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Nigeria

Nigerian dating agency for people with HIV-AIDS

Emmnauel Ugochukwu Michael runs a dating agency in Nigeria for people with HIV-AIDS. He helps them escape from isolation, rebuild their lives and recover their sense of dignity.

Emmanuel Ugochukwu Michael's mobile phone never stops ringing. The 45-year-old takes every call and has a friendly chat with each caller. He often gets as many as 100 calls a day, which invariably end with the same question. "Are you HIV positive?"  It is a question which some people might find offensive, but Michael takes it in his stride. He runs Nigeria's first dating agency for people with HIV-AIDS. These days everybody in Nigeria seems to be talking about Michael's agency. He has spread his message far and wide. "HIV+ need wife or husband?" reads the graffiti which - complete with his telephone number - he has sprayed on walls, fences and stonework throughout  the Nigerian capital of Abuja.

Michael trained as an electrician. The first time he picked up his spray can was in 2012. He'd already been visiting people with HIV in hospital. These encounters made a deep impression on him. "When I looked into their faces, I caught myself thinking this is no life for them and I wondered how I could help."

DW HIV Nigeria 2 (DW/K.Gänsler)

Michael can get as many as 100 calls a day

Women under pressure to marry          

The official figure for the number of people with HIV-AIDS in Nigeria is 3.5 million, but the real figure is probably twice or three times as high. Those who know they are infected generally keep this knowledge to themselves. There is a huge fear of being stigmatized. Finding a partner is almost impossible. Yet women in Nigerian society are under pressure to find a husband and get married  when they are young. "It is part of our culture. A man can wait until 50 before marrying. But once a woman reaches 30 or 35, then menopause starts to kick in and life can become traumatic," Michael said. In many African cultures, a marriage without children isn't a proper marriage.

35-year-old Gloria is one of the women whom Michael has been able to help. That's not her real name as she doesn't wish to reveal her true identity. A few years ago her family started pressuring her into finding a husband. "Everybody said I should get married." Because Gloria is HIV positive, she thought marriage was out of the question. She kept her HIV status a secret. The only person she told was her mother.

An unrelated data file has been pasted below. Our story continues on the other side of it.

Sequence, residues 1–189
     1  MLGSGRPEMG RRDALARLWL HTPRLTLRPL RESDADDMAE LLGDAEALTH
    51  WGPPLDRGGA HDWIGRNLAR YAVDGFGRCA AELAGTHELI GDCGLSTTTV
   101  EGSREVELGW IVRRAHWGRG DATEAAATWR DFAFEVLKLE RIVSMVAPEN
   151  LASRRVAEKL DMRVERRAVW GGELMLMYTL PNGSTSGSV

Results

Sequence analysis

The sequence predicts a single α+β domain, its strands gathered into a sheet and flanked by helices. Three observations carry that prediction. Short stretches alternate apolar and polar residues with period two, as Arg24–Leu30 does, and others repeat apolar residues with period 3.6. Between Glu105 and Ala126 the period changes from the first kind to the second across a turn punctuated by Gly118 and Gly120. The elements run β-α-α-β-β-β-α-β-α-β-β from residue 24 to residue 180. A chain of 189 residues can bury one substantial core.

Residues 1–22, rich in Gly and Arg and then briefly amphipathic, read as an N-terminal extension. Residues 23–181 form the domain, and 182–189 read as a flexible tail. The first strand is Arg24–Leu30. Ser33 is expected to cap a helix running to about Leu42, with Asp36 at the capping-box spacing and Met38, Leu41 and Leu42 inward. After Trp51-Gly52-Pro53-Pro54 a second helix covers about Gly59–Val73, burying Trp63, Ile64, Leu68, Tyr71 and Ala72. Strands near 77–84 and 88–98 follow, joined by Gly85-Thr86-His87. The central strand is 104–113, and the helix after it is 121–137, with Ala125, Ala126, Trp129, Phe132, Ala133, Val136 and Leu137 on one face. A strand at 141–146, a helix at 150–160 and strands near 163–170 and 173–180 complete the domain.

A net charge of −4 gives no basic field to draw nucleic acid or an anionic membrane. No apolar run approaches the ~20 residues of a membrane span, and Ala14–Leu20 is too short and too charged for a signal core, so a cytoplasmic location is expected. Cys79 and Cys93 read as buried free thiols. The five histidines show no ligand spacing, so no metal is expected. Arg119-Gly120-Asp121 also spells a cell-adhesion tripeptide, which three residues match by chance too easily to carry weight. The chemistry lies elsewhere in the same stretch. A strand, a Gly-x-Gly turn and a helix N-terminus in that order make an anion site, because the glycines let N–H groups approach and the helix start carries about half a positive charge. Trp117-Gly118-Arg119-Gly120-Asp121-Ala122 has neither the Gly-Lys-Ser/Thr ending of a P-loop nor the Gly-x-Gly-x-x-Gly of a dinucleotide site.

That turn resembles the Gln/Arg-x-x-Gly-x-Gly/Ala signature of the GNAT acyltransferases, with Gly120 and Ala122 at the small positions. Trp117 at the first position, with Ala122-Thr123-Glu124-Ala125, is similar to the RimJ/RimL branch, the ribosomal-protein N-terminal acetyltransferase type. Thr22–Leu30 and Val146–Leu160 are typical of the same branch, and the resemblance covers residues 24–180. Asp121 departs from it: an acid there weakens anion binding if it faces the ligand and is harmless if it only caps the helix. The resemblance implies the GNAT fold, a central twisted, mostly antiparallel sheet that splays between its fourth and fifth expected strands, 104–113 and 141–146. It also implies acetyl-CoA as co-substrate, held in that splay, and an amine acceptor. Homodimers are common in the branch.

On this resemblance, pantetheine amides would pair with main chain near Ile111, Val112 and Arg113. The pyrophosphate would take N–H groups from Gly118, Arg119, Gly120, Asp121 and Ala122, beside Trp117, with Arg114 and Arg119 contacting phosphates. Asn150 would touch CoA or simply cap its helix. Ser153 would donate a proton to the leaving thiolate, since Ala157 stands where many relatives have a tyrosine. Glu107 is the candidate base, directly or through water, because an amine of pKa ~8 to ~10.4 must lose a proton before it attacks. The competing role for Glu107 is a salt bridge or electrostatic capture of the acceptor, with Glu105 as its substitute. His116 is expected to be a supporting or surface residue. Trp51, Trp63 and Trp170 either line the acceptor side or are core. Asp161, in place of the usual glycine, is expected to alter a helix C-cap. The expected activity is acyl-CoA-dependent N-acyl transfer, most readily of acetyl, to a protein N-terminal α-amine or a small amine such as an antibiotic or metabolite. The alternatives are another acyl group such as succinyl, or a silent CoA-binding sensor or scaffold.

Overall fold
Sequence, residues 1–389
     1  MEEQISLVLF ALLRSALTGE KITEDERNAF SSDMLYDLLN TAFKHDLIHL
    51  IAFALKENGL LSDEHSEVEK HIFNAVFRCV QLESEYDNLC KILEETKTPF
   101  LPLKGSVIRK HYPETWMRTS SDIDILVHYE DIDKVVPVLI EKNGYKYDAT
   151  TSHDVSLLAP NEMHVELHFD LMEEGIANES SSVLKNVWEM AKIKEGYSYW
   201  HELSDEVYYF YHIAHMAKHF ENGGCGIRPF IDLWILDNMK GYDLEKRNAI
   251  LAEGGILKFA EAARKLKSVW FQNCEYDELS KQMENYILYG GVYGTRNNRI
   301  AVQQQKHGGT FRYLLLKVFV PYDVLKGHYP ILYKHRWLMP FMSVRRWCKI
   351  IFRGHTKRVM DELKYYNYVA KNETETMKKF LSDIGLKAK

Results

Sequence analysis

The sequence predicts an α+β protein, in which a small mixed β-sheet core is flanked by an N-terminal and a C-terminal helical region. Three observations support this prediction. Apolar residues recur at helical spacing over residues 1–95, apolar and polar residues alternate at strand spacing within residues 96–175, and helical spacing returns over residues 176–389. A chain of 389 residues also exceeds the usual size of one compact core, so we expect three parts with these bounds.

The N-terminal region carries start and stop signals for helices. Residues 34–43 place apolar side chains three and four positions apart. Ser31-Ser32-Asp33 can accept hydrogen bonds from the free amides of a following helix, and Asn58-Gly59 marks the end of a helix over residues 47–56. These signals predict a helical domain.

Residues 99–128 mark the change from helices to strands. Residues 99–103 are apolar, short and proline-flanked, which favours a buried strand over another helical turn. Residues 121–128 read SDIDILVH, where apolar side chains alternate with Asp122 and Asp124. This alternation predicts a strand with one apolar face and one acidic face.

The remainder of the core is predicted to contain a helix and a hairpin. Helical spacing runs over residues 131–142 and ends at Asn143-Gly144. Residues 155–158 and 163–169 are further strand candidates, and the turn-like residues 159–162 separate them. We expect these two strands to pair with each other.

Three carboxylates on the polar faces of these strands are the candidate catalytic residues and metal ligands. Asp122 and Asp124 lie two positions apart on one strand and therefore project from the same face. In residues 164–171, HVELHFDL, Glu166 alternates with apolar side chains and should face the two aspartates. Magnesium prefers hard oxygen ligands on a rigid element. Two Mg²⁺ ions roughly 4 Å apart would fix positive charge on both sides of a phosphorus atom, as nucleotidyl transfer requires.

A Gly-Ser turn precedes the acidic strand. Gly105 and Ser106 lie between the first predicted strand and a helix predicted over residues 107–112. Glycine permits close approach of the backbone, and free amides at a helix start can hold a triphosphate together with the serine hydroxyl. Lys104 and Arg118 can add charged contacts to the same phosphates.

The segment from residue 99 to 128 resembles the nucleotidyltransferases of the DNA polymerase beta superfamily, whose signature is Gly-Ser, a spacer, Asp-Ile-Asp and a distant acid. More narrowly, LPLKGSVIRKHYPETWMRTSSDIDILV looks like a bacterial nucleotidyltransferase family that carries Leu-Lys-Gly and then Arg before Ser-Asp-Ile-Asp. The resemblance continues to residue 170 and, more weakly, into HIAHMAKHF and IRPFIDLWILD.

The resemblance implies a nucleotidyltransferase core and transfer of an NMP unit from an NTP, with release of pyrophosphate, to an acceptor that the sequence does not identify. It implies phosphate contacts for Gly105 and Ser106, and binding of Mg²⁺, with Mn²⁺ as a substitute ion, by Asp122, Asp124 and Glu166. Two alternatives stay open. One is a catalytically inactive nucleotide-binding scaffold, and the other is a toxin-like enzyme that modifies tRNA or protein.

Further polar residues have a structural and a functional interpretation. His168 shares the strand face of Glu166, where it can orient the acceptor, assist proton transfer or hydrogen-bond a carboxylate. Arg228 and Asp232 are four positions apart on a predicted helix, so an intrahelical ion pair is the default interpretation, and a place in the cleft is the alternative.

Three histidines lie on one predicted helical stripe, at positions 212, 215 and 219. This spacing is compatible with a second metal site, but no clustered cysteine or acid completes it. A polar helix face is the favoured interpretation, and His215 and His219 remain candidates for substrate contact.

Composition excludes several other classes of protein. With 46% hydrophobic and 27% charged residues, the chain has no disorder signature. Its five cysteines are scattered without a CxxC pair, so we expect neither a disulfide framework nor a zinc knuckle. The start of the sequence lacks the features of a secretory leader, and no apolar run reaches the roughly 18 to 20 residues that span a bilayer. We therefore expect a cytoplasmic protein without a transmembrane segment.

Infected despite precautions         

Gloria doesn't know how she became infected. It could have happened while she was at the hair dressers or at the hospital where she worked. In spite of all the safety precautions, she must have pricked herself with an infected needle. Gloria's mother eventually gave her Michael's phone number and persuaded her to call him. "After the phone call, I went to see him. He gave me counseling, we prayed and he really encouraged me to battle on in my life."

 When Gloria discovered that she was HIV positive, she fell into a bottomless pit of despair. It was Michael who saved her. It was through him that she met her future husband, she calls him John. They married within months of their first meeting. "We also wanted to have a child," she said.

Gloria became pregnant and was kept under constant medical supervision. She was terrified that her child, a son, would be born HIV positive. Even after he was born, she remained anxious. But when he was six months old, the doctors were able to confirm that he had been born HIV negative.

DW HIV Nigeria 1 (DW/K.Gänsler)

Emmanuel Ugochukwu Michael looking for the right partners

Michael says he has 7,000 people on his books seeking a partner. In many ways, his agency works like similar organizations elswhere. Every applicant fills out a form. The fee, though, of 200 Naira (five Euros) is largely a symbolic gesture. Michael has never had trouble with the authorities even though his agency isn't registered as a club or a business.

But Michael has his critics. "Religious fanatics, evangelists," is how he describes them. They accuse him of wanting to spread HIV. "Of course, I don't want to do that," he said. "People with HIV are still people and somebody must look after them."      

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